The Tombras Group was featured in the Knoxville News Sentinel for its creation of a nationwide campaign for the U.S. Department of Transportation focusing on raising awareness about drunk driving. The full article is below, or you can read it at knoxnews.com.
Tombras’ Ad Goes National; Gets Credit for Fewer Traffic Deaths
By Ed Marcum, Knoxville News Sentinel
Tuesday, September 6, 2011
The National Highway Traffic Safety Administration is putting high hopes on an anti-drunken driving campaign developed by Knoxville-based Tombras Group.
The television spots show an obviously intoxicated couple walking down the sidewalk to their car. Suddenly an “invisible” police officer, barely distinguishable from a building they just passed, opens his eyes and fixes his gaze on them.
They hop in the car, but before they can drive off, the officer literally materializes out of the side of the building and nabs them.
This is not the first campaign the Tombras Group has done for the NHTSA. The firm did another anti-drunken driving campaign that featured law enforcement officers pulling over drivers in cars filled with booze. The liquid cascades to the ground as the driver rolls down the window. Tombras Group also did the agency’s “Click it or Ticket” campaign, meant to boost seat belt use.
The Tombras Group has been doing highway safety campaigns for the NHTSA since 2004 and according to the agency’s figures, traffic fatalities have dropped 25 percent since 2005, from 43,510 that year to 32,788 in 2010. Three percent of that drop was since 2009, when there were 33,808 fatalities. This decrease occurred despite the fact Americans drove nearly 21 billion miles more in 2010 than in 2009, according to the NHTSA.
“We already know that high-visibility enforcement coupled with targeted education and advertising is an effective way to improve driver safety and curb dangerous practices on America’s roadways,” David Strickland, NHTSA administrator, said in a statement. “Our new “Drive Sober or Get Pulled Over” campaign uses this proven formula to tackle the problem of drunken driving.”
Alice Mathews, account supervisor for the Tombras Group, said the campaign, which launched nationally in late August to tie in with the Labor Day weekend, is meant to coincide with stepped up periods of police enforcement. The TV spot has been made available to states so it can be used with local campaigns, and another national campaign will be held the last two weeks of the year to tie in with the usual increase in drunken driving over the holidays, she said.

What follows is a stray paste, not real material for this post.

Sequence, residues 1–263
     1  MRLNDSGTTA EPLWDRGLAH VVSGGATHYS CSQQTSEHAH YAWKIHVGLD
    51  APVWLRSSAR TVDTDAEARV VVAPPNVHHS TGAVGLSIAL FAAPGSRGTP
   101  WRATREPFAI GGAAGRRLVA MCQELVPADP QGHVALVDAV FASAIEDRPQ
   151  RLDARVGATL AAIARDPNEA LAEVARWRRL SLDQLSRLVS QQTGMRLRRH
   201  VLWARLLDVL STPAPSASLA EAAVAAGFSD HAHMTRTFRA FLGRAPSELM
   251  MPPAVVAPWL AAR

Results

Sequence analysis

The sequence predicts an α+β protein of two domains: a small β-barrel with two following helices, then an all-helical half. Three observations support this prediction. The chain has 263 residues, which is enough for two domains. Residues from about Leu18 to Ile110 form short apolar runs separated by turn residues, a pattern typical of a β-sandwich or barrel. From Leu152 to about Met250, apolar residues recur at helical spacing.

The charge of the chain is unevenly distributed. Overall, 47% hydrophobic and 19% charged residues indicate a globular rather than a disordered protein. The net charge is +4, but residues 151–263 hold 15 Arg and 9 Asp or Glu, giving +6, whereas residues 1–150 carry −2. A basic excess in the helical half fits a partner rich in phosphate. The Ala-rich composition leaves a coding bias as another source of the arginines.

“The key to this is you really need to have high-visibility law enforcement so that they see the TV spot and then they see the police at the same time,” Mathews said.
The Drive Sober or Get Pulled Over campaigned is aimed at males ages 21 to 34, which is the group the NHTSA said faces the highest risk for drunken driving. Guy Jacobssen, media director for the Tombras Group, said the firm, which has been in business 80 years, had to do extensive research on the “millennials” generation to understand what advertising approach would work with them.
Traditional anti-drunken driving campaigns relied heavily on gory wreck footage and shock value to scare young people into proper behavior, Jacobssen said. That never worked well, he said.
The research showed what many people know — young males tend to think they are invincible. Focus groups found that many millennial males felt that maybe their friends or other people couldn’t drive well drunk, but they could manage it just fine. Some felt they even drove better drunk because they were more cautious.
However, the research showed that young males did fear the police and the consequences of getting caught.
“They didn’t worry so much about hurting themselves or somebody else — they thought they wouldn’t — but they worried about getting arrested or going to jail,” Jacobssen said.
So the campaign needed to use the police as a threat. Rob Simpson, creative director, said a creative team of about 20 people worked on how this should take form. The team determined that people don’t drink and drive if they see a police car parked at the curb but they will take the chance if there are no police around.
“So we came down to the idea that even if they don’t see a cop, that doesn’t mean there isn’t a cop there who is going to get them,” Simpson said.
Charles Tombras Jr., CEO and president of the company, said research also showed millennials generally only pay attention to content they consider clever and nonpatronizing.
Millennials are so used to computer-generated effects, they tune them out, but they like trying to figure out effects obviously not done by computer, said David Jacobs, director of innovation and strategy.
That meant the invisible cop effects had to be done the hard way. Actors in the commercials had to stand for up to 10 hours without moving while artists painted them against the backdrop of a wall.
“We got people who were really good at standing still,” Simpson said.